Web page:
Northern Ireland's agriculture minister has ordered a halt from midnight to all post-Brexit checks on goods coming into the region from the rest of the United Kingdom, a move some of his partners in government say is unlawful.
Edwin Poots, a member of the Democratic Unionist Party, which opposes the Northern Ireland protocol mandating such checks, cited legal advice that the measures should not have been introduced without approval from the regional government.
He added that he would seek a way forward "in the near future" within the devolved government that his party shares with rivals who support the protocol agreed with the European Union before the UK left the EU two years ago.
"The advice concluded that I can direct the checks to cease in the absence of executive approval. I have now issued a formal instruction to halt all checks that were not in place on December 31 2020 from midnight tonight," Poots told a news conference.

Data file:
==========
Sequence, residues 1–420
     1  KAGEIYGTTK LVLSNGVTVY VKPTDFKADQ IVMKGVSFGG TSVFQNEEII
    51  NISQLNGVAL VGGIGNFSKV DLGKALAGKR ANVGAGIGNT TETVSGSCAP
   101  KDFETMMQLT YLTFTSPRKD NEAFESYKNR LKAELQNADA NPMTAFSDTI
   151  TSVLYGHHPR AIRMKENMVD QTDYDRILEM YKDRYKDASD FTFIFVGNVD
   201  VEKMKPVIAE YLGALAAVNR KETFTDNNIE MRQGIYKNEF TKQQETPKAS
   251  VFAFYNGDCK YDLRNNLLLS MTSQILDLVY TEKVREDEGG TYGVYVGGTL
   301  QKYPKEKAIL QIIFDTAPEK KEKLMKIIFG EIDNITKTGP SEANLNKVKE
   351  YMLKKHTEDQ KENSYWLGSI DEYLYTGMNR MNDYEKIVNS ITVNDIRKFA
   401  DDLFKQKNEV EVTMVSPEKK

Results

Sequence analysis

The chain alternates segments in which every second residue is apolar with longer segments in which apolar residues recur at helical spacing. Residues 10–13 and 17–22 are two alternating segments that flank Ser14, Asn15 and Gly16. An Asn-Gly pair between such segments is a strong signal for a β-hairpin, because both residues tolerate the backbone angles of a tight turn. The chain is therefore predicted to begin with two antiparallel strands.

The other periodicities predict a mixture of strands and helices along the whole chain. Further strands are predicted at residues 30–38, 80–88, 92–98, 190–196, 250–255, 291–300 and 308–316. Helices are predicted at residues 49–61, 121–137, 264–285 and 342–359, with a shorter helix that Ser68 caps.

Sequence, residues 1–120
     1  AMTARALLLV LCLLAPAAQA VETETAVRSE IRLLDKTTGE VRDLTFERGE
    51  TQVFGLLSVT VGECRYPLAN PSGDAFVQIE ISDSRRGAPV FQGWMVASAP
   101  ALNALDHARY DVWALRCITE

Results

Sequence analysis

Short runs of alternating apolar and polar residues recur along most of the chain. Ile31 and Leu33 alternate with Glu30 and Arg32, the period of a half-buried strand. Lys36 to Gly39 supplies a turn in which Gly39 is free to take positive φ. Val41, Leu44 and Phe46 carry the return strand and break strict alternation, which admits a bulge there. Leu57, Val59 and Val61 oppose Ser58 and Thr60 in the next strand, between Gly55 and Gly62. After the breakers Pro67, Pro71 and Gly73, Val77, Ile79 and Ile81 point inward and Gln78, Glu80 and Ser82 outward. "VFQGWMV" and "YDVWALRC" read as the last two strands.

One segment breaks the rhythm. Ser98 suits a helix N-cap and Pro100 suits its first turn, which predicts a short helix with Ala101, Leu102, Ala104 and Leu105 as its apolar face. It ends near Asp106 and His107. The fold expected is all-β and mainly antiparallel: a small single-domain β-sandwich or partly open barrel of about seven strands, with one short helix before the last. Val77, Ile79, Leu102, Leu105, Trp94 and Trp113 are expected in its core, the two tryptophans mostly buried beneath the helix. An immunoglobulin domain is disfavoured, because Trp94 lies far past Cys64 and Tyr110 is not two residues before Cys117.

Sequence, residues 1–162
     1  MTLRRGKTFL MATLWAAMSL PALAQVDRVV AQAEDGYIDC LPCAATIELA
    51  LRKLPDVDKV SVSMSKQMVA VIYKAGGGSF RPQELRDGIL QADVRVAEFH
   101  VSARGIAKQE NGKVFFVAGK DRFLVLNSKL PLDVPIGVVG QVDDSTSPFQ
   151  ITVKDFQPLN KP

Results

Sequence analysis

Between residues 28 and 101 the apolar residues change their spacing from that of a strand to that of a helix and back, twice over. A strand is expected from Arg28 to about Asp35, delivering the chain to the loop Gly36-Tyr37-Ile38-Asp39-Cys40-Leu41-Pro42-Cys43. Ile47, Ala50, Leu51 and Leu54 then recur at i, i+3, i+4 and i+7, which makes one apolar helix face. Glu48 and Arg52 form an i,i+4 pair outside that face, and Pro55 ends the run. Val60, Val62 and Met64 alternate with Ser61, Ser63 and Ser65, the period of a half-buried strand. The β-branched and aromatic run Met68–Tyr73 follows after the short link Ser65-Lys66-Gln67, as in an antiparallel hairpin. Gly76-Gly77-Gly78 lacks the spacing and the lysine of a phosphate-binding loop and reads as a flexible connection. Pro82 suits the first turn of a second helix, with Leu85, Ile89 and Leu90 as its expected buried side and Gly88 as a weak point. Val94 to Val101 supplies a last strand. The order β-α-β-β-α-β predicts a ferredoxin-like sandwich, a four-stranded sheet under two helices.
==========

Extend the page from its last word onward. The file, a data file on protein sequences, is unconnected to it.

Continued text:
The UK and the EU have been in talks for months to amend the protocol that was designed to keep an open border between Northern Ireland and EU-member Ireland but has effectively created one in the Irish Sea, angering pro-British unionists.
Northern Ireland's Deputy First Minister Michelle O'Neill of Sinn Fein, which supports the protocol, described Poots' move as a "stunt" and "an attempt by the DUP to unlawfully interfere with domestic and international law".
Asked last week about the DUP's threats to halt the checks, UK Foreign Secretary and Brexit negotiator Liz Truss said it was a matter for the Northern Ireland regional government to resolve, rather than one for officials in London to intervene on.
Australian Associated Press
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